“They really aren’t getting better,” says the founder of the COVID-19 Long-Healers Support Group.


President Trump knew in February that coronovirus was fatal and worse than the flu, even though publicly he downplayed the severity of the virus, according to a new book by journalist Bob Woodward.

A suburban mom has been trying to tell people how serious this epidemic has been since March. Diana Barent is a COVID-19 long-time ruler, a man who suffers from debilitating medical issues even after his trial, stating that he no longer performs coronavirus.

Barent still struggles with symptoms about 7 months after experiencing his most serious illnesses with COVID-19. She says she has seen specialist after specialist for complications with her eye light, gastrointestinal tract and recurring headaches.

She recently received shocking news from an eye doctor who reported that she has borderline glaucoma, a condition that can lead to blindness.

“I actually just went to the eye doctor in January and then the pressure level was completely normal – and here we are,” she says.

Berent realized that there were other tall-skinned people like him – a third who were coronovirus but not ill enough to be hospitalized are the long-term effects, Centers for Disease Control and Prevention report. So she formed the online group Survivor Corps, where members document their symptoms, donate plasma, raise money for treatment and research, and provide support.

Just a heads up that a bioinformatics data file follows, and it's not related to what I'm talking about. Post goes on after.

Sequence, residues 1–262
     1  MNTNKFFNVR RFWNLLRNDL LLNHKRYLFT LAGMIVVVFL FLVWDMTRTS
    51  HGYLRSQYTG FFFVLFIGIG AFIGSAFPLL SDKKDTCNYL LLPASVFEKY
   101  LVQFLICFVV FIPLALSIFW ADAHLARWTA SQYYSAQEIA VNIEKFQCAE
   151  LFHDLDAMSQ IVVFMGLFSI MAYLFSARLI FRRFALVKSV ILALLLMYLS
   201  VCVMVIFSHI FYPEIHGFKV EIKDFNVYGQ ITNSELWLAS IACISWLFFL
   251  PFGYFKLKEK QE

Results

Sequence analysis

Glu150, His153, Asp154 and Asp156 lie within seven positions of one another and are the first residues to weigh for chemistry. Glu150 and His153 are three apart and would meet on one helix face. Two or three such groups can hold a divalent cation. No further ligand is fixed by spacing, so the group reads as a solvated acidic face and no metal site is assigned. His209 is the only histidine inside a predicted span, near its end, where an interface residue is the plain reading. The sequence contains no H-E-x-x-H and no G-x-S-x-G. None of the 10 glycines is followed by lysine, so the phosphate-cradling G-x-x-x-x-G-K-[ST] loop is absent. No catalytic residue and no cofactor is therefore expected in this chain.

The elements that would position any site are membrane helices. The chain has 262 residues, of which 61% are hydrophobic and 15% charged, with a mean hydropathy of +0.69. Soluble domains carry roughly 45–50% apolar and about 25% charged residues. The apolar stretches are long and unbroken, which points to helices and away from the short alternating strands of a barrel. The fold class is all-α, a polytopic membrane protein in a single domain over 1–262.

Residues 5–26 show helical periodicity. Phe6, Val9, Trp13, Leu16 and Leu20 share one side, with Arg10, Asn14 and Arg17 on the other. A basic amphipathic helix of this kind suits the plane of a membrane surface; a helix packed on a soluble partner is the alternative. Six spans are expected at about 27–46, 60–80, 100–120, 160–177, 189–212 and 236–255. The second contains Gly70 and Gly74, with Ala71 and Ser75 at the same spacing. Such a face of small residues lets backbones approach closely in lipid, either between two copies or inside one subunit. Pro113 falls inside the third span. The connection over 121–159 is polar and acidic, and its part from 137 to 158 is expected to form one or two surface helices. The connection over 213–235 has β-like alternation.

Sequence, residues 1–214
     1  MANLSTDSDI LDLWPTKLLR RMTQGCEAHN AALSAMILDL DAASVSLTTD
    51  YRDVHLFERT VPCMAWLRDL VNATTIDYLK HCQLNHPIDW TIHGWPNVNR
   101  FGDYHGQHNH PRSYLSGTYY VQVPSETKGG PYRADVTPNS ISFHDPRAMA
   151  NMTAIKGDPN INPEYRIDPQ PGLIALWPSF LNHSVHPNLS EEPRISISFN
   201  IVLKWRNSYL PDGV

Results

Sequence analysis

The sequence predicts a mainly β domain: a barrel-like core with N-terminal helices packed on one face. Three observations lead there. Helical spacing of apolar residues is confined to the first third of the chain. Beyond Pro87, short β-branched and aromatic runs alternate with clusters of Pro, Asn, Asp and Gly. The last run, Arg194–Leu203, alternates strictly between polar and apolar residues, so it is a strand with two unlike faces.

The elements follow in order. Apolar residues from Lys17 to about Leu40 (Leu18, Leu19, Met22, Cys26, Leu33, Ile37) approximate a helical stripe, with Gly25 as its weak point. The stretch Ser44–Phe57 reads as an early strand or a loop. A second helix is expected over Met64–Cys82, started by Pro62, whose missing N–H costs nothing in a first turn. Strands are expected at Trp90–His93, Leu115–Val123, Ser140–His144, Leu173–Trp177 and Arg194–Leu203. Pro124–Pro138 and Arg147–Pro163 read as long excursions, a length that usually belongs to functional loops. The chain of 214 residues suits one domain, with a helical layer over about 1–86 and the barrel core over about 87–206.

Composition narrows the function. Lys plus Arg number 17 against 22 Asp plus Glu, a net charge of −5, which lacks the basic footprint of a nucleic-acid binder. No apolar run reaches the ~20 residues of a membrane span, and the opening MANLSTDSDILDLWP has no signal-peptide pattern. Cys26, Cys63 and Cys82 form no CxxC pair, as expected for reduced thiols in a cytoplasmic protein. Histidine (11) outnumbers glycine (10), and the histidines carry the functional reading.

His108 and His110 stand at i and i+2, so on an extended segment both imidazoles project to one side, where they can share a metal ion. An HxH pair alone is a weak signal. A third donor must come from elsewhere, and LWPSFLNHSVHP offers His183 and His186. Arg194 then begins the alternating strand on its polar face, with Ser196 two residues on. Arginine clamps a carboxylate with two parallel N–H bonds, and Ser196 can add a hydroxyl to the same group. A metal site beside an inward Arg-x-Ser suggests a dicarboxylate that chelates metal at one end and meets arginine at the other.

After hearing the stories of 100,000 members in Survivor Corps, she considers herself lucky. Partnering with Indiana University, the group conducted a survey of symptoms and found that members reported 98 different diseases from COVID-19 – eight times more symptoms than the CDC listed.

Because coronovirus is a vascular disease, she says, members of the Survivor Corps are experiencing “damage to almost every organ system”.

Respiratory problems are the most common long-term symptom of long-term people in the group, she says, and “very related degrees of neurological issues”, such as frequent, “soul-crushing headaches” that make people perform daily activities Unable to leave. .

Other post-COVID-19 diseases include diabetes, lupus, inflammation of the joints, skin problems, and tachycardia, a heart condition that can lead to a stroke or heart attack, she says.

She says the US is doing “enough work” of infections, hospitalizations, and virus deaths, but is not tracking enough people who were ill with COVID-19, but never in the hospital. Not admitted to, she says.

She says, “They are being told that they stay home with Tylenol and Gatorade without medical supervision and only seek medical help if they can’t really breathe and need to be admitted to the emergency room.” She says. “I mean, this is the first time in any of our collective experiences that you will get sick, do so dramatically, and be told not to go to the doctor.”

As she has seen from Survivor Corps Group and from her own experience, the “public health crisis” induced by coronaviruses continues to have far-reaching effects on the body and mind, she says.